It's uncertain whether developing a functional baby cognitive model is the right direction towards human-level adult AI, but at least the progress is measureable, which can't be said for a lot of other approaches, such as animal models, games, or Turing-test-like setups. For example, just look at how the competition to create a Turing-test passing chat bot has turned out. Has creating a world champion chess computer advanced our knowledge at all of building a human-like AI? Not by much.
Below I have a timeline of an infant's cognitive development up to 1 year, and my own comments on what AI work is involved in emulating that functional behavior.
- Between 1 and 2 months of age, infants become interested in new objects and will turn their gaze toward them. They also gaze longer at more complex objects and seem to thrive on novelty, as though trying to learn as much about the world as possible.
The ability to detect changes also implies the ability to filter out what's old. i.e. pattern recognition. Old things are, by definition, things that fall into a pattern. So, I believe that the first step of AI is to have generalized pattern recognition(knowing what's old) and differencing(tracking the new changes).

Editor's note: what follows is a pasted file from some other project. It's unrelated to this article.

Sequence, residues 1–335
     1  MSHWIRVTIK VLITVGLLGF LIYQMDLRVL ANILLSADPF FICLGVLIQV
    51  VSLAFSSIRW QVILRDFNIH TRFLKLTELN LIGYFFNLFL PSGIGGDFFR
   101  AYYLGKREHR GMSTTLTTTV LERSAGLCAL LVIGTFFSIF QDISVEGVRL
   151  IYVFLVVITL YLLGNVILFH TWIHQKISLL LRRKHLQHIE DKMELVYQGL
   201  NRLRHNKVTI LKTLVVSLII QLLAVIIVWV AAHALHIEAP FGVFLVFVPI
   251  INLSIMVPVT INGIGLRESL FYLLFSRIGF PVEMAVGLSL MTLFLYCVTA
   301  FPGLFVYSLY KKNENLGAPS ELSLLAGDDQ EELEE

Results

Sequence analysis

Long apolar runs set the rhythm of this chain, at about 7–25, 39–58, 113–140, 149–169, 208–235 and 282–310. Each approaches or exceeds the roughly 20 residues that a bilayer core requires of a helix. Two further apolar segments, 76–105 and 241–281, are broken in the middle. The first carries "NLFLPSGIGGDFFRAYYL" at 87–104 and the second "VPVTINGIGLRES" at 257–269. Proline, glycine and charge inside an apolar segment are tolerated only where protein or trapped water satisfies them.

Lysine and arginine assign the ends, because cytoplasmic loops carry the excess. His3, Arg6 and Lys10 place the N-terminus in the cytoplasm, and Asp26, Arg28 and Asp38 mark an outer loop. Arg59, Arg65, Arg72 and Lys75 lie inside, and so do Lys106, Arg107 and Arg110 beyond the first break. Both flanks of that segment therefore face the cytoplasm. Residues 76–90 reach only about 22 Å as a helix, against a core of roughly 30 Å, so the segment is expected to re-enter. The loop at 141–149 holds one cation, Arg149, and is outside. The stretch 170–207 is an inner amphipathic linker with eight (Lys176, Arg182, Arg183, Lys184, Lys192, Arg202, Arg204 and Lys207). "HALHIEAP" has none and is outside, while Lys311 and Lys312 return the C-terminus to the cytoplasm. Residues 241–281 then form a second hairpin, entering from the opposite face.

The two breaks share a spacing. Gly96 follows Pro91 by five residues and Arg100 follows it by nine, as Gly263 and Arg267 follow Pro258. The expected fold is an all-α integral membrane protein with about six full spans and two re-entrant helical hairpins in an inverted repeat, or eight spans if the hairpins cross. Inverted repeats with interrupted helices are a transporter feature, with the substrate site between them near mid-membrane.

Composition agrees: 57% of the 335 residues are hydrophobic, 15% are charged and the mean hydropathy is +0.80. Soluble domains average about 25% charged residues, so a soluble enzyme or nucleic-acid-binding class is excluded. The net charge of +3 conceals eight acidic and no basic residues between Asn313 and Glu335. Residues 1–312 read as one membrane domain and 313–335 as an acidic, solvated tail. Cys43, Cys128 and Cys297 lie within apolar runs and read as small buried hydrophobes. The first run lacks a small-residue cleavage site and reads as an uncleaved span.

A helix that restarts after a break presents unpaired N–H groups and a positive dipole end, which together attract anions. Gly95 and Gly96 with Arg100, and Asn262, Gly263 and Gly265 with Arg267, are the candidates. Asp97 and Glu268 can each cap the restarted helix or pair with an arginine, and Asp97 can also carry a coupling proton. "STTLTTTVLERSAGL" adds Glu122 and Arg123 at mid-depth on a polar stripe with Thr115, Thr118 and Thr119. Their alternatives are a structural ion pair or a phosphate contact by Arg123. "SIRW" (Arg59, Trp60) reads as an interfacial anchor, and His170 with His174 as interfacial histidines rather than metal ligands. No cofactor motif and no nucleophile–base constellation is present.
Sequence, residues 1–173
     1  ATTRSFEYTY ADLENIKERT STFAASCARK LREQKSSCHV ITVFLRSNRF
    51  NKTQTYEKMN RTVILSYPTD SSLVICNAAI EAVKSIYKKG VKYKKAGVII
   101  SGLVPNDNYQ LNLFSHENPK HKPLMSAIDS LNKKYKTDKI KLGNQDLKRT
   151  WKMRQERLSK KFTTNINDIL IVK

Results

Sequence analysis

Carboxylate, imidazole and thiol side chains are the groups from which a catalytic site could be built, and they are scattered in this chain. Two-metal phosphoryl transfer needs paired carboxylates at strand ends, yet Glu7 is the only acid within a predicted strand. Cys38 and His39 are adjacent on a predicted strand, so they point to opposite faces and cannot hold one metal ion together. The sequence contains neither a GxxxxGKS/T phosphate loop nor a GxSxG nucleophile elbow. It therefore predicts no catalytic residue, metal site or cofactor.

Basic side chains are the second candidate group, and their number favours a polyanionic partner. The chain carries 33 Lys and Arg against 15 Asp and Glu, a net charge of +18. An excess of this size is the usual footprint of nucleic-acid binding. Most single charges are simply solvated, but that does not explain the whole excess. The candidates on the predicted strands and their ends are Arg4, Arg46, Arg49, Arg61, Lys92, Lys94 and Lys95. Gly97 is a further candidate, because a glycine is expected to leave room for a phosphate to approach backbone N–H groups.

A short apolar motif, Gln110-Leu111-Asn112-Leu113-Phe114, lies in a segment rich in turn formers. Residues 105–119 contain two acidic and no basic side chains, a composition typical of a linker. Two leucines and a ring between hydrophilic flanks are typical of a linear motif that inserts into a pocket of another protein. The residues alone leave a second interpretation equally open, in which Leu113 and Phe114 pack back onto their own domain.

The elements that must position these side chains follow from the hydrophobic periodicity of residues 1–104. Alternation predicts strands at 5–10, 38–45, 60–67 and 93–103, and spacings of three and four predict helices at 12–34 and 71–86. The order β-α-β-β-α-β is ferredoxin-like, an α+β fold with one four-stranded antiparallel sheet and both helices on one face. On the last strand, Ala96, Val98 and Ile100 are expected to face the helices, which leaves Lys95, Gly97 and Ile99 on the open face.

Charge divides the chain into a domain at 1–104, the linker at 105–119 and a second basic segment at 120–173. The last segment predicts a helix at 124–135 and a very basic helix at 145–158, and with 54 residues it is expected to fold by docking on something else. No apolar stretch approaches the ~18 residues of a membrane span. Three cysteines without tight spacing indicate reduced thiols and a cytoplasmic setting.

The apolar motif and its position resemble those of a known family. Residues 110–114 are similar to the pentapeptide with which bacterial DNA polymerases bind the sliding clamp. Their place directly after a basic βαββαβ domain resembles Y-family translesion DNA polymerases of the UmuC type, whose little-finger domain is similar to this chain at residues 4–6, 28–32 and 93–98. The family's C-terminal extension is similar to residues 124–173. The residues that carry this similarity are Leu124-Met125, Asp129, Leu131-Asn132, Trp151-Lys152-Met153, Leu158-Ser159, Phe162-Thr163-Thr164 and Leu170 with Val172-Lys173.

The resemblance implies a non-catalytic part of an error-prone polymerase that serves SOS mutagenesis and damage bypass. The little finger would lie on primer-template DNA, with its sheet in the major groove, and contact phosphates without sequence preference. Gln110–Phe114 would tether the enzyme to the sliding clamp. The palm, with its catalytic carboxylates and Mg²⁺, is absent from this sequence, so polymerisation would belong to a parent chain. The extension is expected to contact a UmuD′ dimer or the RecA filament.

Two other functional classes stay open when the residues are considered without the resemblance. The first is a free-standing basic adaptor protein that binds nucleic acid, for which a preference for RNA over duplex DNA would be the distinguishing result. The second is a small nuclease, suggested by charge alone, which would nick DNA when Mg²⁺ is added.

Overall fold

- At around 3 months of age, infants are able to anticipate coming events. For example, they may pull up their knees when placed on a changing table or smile with gleeful anticipation when put in a front pack for an outing.
- At around 4 months, babies develop keener vision. Babies' brains now are able to combine what they see with what they taste, hear, and feel (sensory integration). Infants wiggle their fingers, feel their fingers move, and see their fingers move. This contributes to an infant's sense of being an individual.
- Between 6 and 9 months of age, synapses grow rapidly. Babies become adept at recognizing the appearance, sound, and touch of familiar people. Also, babies are able to recall the memory of a person, like a parent, or object when that person or object is not present. This cognitive skill is called object permanence.
- Babies observe others' behavior around 9 to 12 months of age. During this time, they also begin a discovery phase and become adept at searching drawers, cabinets, and other areas of interest. Your baby reveals more personality, becomes curious, and demonstrates varied emotions.
Gizmodo-Seeing the world through the eyes of a baby
Yahoo! Health-Cognitive development between 1 and 12 months of age